Milk price slump forces Cornish dairy leader to quit farming

A prominent dairy farmer from Cornwall has sparked shock in the sector by announcing he is selling his herd and quitting agriculture.

Mark Oliver who is the NFU south-west dairy board chairman has revealed that he is dispersing his family’s herd of 370 pedigree Holstein Friesian cows and giving up the tenancy at Lanhydrock dairies near Bodmin.

Mr Oliver said he and his family had come to the decision after watching the milk price paid by Trewithen Dairy fall from 33-34p/litre a year ago to 25p/litre today, with the prospect of further drops.

As a tenant, with rent to pay, he did not feel he could continue in those circumstances.

See also: Read more milk price stories

Mark Oliver

Mark Oliver

“We’ve been working at ways to save costs, but we’ve ended up thinking we’re better to get out,” he said.

“I’m going to be sorry to say goodbye and I sometime feel very sad, but it is almost a relief too. I know the strain of making it work at these prices is over.

“If there was an immediate hope of prices jumping up, then maybe we would think differently. But I don’t see any immediate improvements.”

Mr Oliver said the final decision was made last week and they had started telling people at the Royal Cornwall Show.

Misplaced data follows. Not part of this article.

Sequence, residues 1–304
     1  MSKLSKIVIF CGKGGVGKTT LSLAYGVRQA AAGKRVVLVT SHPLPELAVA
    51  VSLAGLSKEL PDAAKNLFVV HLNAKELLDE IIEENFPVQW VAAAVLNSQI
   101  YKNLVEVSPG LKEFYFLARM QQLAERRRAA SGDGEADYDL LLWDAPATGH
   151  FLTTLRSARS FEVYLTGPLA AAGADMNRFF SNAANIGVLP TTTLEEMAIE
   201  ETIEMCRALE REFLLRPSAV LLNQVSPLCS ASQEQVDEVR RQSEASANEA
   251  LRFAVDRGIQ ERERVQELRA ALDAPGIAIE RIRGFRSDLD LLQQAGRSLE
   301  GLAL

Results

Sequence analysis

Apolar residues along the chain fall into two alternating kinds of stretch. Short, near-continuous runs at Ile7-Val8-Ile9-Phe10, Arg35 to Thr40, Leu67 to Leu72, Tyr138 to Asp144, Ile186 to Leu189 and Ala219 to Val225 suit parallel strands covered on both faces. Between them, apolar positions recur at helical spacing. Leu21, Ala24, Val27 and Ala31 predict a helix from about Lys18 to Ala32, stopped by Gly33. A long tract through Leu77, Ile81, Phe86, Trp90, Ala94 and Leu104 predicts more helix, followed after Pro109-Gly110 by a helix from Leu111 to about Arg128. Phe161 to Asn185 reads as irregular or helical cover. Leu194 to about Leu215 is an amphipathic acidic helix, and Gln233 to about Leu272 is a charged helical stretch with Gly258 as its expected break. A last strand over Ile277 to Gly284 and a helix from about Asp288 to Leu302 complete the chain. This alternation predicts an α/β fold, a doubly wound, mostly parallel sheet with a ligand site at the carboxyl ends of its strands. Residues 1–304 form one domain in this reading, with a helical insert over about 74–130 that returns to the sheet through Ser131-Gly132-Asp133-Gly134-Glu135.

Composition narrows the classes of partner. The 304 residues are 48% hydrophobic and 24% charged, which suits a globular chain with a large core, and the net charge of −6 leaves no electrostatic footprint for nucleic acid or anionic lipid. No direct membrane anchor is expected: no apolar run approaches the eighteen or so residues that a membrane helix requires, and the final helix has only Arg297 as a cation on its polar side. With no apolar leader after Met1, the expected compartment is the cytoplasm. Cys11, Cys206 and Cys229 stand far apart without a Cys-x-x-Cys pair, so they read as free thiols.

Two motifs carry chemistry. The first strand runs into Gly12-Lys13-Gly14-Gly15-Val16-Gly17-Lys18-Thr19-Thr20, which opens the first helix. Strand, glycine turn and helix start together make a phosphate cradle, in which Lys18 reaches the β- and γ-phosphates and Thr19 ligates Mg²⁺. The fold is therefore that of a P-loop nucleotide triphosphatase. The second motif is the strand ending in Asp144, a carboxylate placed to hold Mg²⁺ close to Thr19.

The cows will be sold in August and the family, which includes his wife, three children, sister, brother-in-law and nephew, will leave the farm in September.

Mr Oliver, who is 41, said he had been working on the family farm since he left school at 16, so the decision to leave was “momentous” for them all.

They had looked to see if alternative enterprises were an option, but couldn’t find a viable solution, given all other sectors were under pressure too.

If there was no improvement in the milk price, others would be going into autumn questioning what they were doing too, he warned.

This was partly behind his decision to go sooner, rather than later, he said.

As their assets were tied up in livestock they wanted to go before cows prices started to dip, which was a possibility if dairy farmers became increasingly short of cash to buy cows.

While nothing could be done to address the problem of global prices, Mr Oliver said retailers had to “stop and think” about the consequences of what they were doing to the dairy industry.

“If milk continues to sell for 89p for four pints then it is going to be hard for farmers to ever make money,” he warned.